Saturday 25 April 2015

Movie Review: The Changeling (1980)

An old-fashioned haunted house horror film, The Changeling finds the right balance between mystery and chills in the story of a grieving man moving into a long-vacant estate.

In upstate New York, music composer John Russell (George C, Scott) loses his wife and daughter in a freak car accident on an icy road. After a period of grieving he accepts a university teaching position and relocates to Washington State. Claire Norman (Trish Van Devere) of the local heritage house society helps John to find and move into a Victorian-era mansion that used to belong to the Carmichael family. John also meets Senator Joseph Carmichael (Melvyn Douglas), a benefactor of the heritage society and one of the most powerful men in the state.

It does not take long for things to start going bump in the night. John encounters loud banging noises, doors that mysteriously open and close, and glass that suddenly shatters. He explores the house and finds a long closed-off cobweb-filled upper room, with a child's old wheelchair and a bathtub. John and Claire delve into archival records and find clues suggesting that back in the early 1900s, a child may have been murdered by his father at the Carmichael mansion.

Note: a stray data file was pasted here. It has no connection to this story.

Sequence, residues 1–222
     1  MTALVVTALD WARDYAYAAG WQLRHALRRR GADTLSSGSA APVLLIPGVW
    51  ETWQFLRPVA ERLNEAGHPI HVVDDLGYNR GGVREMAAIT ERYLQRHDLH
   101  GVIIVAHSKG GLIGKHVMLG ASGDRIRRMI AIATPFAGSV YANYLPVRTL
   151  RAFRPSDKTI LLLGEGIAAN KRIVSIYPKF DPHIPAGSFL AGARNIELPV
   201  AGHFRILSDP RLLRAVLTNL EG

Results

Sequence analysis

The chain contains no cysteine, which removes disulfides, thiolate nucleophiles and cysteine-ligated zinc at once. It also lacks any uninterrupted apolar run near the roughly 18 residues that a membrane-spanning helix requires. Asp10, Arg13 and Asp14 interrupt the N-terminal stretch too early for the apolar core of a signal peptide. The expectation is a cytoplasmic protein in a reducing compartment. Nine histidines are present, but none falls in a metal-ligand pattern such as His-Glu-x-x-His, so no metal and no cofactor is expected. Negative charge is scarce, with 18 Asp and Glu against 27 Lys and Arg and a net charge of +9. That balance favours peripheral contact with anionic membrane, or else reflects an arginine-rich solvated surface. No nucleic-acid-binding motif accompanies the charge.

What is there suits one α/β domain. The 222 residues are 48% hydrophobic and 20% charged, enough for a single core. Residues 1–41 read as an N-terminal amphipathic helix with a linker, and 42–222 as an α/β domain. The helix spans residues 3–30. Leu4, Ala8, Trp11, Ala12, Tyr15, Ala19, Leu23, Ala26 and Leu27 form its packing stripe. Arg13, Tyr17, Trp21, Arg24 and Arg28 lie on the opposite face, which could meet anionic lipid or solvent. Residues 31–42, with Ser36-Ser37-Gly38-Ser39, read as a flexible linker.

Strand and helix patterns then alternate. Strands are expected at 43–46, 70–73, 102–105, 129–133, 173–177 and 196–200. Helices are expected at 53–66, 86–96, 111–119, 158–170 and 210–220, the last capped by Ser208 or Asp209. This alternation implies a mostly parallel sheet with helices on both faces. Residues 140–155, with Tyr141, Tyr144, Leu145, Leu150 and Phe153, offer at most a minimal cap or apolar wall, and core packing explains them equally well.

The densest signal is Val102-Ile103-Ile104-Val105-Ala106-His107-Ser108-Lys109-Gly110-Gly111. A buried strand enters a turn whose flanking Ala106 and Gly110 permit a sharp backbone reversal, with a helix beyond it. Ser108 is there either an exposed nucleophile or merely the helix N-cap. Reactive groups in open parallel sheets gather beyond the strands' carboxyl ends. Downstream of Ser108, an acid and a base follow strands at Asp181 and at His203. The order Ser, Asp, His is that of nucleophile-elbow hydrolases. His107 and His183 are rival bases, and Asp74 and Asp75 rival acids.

A Canadian co-production directed by Peter Medak, The Changeling builds up a steady sense of trepidation.The film starts on a dour note with the car crash destroying John's family, and placing him in an emotionally vulnerable state. From there Medak steers the narrative into ever darkening physical and emotional corners, and John has to confront his own loss to help solve the mystery of a young murder victim.

An atmosphere of mounting dread is maintained throughout, helped enormously by an evocative piano-driven music score by Rick Wilkins, pregnant with the promise of bad things about to happen. The film is punctuated with memorable, scary scenes, none more so that one of the most chilling seances put to film. Medak conjures up a truly eerie intervention with a clairvoyant who connects with the dead in a terrorizing trance while scribbling furiously, and then ups the spookiness factor by capturing ghostly vocals on the tape used by John to record the event.

In other scenes, a child's small red ball and an empty wheelchair are deployed to bloodcurdling effect, and there are plenty of traditional what's-behind-this-door! jumpy moments, enhanced by limited light, striking shadows and the dreariness of the Northwest.

George C. Scott adds considerable weight to the proceedings, and creates in John Russell a victim and a sympathetic father with the courage to explore rather than flee. His sturdy presence is an equal match to the agony residing in the old Carmichael house.

The Changeling uses old tried and tested horror ingredients, but nevertheless creates an effectively haunting experience.

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